The Insurance Institute for Highway Safety recently reported that summer and early fall are the deadliest times of year on the country’s roads, indicating that summer months are when Americans drive the most.
According to the National Safety Council (NSC), motor vehicle deaths surpassed 40,000 for the second consecutive year in 2017. Further, estimates from the NSC show 4.57 million people were seriously injured in auto crashes. Distracted driving is the major contributor.
Whether browsing social media or completing online homework, students spend much of their day plugged into their phones, tablets, and computers. While they are spending their time connected to these devices, many are forgetting to protect themselves from the many hidden dangers of the internet.
Cyber security isn’t typically something one thinks of when beginning college. According to an article by Forbes, Millennials believe cyber security is imperative, yet more than half avoid common-sense computer safety measures. Campus safety now goes beyond walking home alone at night. Continue reading to learn about how you can be cyber-secure upon entering college.
Dehydration may seem like a minor ailment, but it can be quite dangerous. In fact, most heat illnesses are caused by dehydration. Did you know that by the time a person is thirsty, he or she is already 2 to 3 percent dehydrated? Once this occurs, it’s difficult to make up for the lost hydration.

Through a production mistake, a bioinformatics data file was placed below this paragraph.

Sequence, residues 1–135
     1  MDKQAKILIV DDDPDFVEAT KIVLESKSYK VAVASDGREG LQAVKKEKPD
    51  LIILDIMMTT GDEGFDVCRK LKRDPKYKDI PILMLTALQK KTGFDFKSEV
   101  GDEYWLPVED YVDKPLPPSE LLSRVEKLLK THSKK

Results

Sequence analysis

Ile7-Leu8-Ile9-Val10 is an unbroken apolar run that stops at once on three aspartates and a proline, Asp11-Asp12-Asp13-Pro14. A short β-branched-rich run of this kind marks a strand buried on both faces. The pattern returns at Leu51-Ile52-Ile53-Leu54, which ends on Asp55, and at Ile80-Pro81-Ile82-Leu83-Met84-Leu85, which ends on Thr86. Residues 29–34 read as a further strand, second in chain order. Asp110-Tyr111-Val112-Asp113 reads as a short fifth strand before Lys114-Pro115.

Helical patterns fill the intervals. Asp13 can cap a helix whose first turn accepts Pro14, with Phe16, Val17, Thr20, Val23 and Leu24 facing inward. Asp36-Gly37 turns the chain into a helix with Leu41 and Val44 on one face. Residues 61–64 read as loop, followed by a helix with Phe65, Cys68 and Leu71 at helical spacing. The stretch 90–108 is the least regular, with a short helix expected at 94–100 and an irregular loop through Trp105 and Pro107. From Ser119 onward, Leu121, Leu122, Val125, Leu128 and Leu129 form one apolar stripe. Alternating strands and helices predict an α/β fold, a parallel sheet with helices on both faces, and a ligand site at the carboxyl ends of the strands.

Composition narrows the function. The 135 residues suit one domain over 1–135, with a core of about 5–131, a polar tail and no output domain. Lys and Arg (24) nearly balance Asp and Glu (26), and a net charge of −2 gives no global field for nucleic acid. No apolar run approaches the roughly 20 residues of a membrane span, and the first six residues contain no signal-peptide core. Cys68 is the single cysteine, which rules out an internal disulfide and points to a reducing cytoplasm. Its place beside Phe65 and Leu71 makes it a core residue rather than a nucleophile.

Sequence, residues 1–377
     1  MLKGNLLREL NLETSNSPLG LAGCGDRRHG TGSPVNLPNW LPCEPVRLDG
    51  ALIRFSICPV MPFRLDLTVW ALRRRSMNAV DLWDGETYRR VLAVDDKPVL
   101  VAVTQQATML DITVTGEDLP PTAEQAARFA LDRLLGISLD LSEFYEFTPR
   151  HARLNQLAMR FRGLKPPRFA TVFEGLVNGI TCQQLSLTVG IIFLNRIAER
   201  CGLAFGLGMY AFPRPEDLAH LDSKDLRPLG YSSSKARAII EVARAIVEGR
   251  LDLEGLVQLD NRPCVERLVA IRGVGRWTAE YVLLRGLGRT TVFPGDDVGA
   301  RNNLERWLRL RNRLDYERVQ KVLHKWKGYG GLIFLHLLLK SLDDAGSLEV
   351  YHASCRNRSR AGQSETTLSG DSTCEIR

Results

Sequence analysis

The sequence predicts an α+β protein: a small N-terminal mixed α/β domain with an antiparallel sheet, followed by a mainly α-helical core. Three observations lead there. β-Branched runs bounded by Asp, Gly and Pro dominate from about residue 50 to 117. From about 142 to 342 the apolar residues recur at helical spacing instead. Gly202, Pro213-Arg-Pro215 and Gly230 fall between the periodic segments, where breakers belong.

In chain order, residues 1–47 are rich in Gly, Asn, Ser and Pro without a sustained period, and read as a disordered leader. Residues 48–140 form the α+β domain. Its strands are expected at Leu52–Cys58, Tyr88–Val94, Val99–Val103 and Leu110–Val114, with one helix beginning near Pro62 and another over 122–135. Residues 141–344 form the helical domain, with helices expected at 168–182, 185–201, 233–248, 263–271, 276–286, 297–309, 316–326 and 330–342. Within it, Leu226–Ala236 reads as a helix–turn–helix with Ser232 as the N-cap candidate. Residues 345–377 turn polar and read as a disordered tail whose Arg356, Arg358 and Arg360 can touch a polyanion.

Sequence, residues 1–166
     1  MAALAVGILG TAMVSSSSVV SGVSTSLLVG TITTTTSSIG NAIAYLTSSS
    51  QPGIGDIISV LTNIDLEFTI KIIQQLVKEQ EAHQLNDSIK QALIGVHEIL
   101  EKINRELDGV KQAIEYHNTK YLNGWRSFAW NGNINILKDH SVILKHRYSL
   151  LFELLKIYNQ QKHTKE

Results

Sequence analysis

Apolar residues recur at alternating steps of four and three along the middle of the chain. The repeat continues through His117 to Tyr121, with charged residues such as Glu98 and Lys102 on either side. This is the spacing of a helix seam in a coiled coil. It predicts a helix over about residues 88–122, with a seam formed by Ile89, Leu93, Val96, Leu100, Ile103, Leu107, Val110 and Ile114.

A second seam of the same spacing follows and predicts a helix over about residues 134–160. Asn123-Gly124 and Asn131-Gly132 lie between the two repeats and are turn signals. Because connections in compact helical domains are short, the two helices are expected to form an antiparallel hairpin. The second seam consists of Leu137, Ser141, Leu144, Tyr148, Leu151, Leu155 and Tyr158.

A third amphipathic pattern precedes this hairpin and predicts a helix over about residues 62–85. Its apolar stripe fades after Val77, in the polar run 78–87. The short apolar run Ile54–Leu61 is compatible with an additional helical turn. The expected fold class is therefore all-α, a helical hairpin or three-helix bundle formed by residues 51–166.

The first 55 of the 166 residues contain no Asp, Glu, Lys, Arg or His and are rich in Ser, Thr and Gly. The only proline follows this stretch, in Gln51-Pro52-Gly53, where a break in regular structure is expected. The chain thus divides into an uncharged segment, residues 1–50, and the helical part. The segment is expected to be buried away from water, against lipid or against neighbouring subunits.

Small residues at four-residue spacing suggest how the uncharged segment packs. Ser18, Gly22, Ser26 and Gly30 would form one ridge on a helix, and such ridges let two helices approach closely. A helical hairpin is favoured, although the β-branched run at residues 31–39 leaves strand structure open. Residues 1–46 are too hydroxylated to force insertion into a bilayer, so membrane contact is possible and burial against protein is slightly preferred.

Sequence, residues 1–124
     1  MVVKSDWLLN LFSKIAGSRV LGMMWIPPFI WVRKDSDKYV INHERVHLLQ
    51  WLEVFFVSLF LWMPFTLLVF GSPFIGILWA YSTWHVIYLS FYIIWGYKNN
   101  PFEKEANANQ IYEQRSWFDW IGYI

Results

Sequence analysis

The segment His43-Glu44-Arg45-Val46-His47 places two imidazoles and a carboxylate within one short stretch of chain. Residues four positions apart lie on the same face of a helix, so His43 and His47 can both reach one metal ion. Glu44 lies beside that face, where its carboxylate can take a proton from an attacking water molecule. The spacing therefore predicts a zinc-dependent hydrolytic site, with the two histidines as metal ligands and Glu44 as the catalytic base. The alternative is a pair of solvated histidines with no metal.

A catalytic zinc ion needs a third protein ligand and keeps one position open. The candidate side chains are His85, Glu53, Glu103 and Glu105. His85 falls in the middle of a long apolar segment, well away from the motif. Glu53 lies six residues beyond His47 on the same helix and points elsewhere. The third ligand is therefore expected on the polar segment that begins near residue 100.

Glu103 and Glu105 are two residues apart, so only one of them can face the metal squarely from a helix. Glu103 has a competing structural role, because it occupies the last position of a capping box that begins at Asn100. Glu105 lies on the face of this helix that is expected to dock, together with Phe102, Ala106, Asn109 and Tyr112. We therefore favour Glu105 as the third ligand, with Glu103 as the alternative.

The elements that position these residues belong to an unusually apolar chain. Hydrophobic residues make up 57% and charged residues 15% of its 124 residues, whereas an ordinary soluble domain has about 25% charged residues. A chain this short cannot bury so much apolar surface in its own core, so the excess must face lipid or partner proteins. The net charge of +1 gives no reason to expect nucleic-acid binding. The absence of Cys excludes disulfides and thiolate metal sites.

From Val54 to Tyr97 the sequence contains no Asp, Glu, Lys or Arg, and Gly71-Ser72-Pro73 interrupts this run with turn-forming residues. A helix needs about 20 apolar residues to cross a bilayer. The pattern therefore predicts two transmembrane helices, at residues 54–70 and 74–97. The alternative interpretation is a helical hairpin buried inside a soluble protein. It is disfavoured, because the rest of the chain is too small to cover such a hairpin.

Get the Facts
In the simplest terms, dehydration occurs when you lose more water than you take in and your body does not have enough water to carry out its normal functions. What's more, even mild dehydration—as little as a 1 to 2 percent loss of body weight—can cause symptoms such as weakness, dizziness, and fatigue, and may have an adverse effect on long-term health.
Richard P. DeBartolo
Senior Vice President, Certified Employee Benefit Specialist
If you have been paying close attention to the pharmacy cost and utilization in your health plan the last few years, you likely noticed that utilization and cost are rising at an alarming rate. The Centers for Medicare and Medicaid Services (CMS) projects that by the year 2022 prescription drug costs will grow to $355 billion. In contrast, $40.3 billion was spent on prescription drugs in 1990.
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